burned and confiscated, innocent men were hanged and women were taken as hostages. North Carolina Governor Zebulon B. Vance
referred to General Wild's actions as a "disgrace to the manhood of the age. Not being able to capture soldiers, they war
upon defenseless women. Great God! What an outrage!" The Union forces returned to Norfolk on
December 24, leaving a trail of destruction behind them.
Following the surrender at Appomattox on April 9, 1865, the Canal was returned to its owners
in a deplorable condition. See also North Carolina Coast and the American Civil
War and North Carolina Coast and
the American Civil War: The Operations, Campaigns, and Expeditions.
|Civil War North Carolina & Great Dismal Swamp Map
|North Carolina Map of Civil War Battles and Battlefields
|Great Dismal Swamp Canal and the Civil War
|South Mills Great Dismal Swamp Canal Lock Entrance
|North Carolina Coast and the Civil War
|Great Dismal Swamp and the Civil War
Visitor’s today will see a slightly
less wild and intimidating Great Dismal Swamp, tamed as it was by agriculture and logging, but the historical connections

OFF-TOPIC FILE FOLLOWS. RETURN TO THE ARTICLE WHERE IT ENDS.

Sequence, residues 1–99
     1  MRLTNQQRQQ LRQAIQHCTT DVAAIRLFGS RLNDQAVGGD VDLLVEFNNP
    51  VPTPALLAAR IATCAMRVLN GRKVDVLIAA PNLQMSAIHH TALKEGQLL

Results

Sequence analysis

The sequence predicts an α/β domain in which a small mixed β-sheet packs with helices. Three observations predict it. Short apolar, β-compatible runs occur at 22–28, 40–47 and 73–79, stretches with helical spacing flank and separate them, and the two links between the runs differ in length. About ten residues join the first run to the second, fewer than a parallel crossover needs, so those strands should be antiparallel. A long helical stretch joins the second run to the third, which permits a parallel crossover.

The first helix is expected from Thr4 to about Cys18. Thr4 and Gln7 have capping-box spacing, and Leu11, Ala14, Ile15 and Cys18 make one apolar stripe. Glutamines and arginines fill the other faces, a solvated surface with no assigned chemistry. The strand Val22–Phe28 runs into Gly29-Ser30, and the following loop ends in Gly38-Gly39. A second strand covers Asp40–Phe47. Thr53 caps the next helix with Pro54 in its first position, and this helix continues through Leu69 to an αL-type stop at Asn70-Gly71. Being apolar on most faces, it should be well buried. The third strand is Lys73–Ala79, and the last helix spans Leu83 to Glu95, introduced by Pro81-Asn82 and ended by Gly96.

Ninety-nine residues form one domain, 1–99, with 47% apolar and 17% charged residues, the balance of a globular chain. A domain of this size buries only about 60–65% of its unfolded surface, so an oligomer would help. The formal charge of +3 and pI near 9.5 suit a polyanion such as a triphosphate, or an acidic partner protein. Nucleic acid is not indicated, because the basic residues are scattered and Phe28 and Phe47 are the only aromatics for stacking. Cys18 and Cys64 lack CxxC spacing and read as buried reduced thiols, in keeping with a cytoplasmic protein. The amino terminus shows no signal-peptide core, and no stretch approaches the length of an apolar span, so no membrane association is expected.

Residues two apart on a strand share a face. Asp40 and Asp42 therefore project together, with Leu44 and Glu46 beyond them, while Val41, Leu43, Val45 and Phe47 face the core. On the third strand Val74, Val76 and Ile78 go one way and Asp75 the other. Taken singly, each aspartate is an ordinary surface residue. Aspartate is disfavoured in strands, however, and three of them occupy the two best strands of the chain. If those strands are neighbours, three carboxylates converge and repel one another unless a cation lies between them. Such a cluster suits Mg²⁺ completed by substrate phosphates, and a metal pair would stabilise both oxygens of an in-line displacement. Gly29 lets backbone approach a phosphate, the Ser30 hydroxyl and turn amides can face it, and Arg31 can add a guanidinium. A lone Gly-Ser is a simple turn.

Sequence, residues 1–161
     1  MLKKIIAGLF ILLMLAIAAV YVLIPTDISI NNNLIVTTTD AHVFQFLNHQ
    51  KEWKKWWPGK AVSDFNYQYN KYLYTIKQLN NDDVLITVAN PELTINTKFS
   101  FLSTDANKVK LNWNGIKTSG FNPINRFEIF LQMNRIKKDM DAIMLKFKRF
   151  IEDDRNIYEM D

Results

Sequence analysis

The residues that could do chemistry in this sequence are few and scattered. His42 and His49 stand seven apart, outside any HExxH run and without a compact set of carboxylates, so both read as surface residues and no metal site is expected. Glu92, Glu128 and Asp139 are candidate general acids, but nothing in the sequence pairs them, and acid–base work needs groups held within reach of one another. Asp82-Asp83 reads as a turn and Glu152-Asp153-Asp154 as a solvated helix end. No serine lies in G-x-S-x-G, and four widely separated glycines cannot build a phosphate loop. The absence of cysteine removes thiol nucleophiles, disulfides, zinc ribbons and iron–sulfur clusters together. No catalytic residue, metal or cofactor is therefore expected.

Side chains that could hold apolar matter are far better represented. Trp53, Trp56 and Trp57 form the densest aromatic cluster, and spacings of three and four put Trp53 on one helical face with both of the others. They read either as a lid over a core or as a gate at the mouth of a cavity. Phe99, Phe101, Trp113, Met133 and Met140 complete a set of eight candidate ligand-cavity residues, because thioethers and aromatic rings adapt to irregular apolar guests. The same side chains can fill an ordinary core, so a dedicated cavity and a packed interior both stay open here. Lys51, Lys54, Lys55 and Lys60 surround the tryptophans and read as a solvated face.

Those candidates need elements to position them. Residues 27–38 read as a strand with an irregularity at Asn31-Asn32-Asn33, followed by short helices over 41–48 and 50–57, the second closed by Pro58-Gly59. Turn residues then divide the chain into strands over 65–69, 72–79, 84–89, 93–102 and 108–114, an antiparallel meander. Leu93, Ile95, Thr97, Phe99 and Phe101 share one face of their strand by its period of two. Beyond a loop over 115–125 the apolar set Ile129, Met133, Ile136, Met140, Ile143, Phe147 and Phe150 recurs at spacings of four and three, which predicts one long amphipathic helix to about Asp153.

still remain, seen in the various canals and remnants of African-American communities and homesteads. The swamp still
provides excellent opportunities to explore the natural habitat that so astounded its first visitors. Over 200 hundred species
of birds nest in the swamp, as well as otter, bats, raccoon, mink, foxes, squirrels, deer bobcats, and bears. Aside from wildlife
viewing, visitors can boat and fish in the lakes and canals, and hike or bike the many
trails. Hunting is also allowed during certain periods of the year.
The Great Dismal Swamp itself is indeed both beautiful and hazardous, as well as
unique in many ways. While most swamps are located in places lower than their surrounding lands, the Great Dismal Swamp is
actually on a hillside 20 feet above sea-level. In most swamps, also, the moist heat and darkness make ideal conditions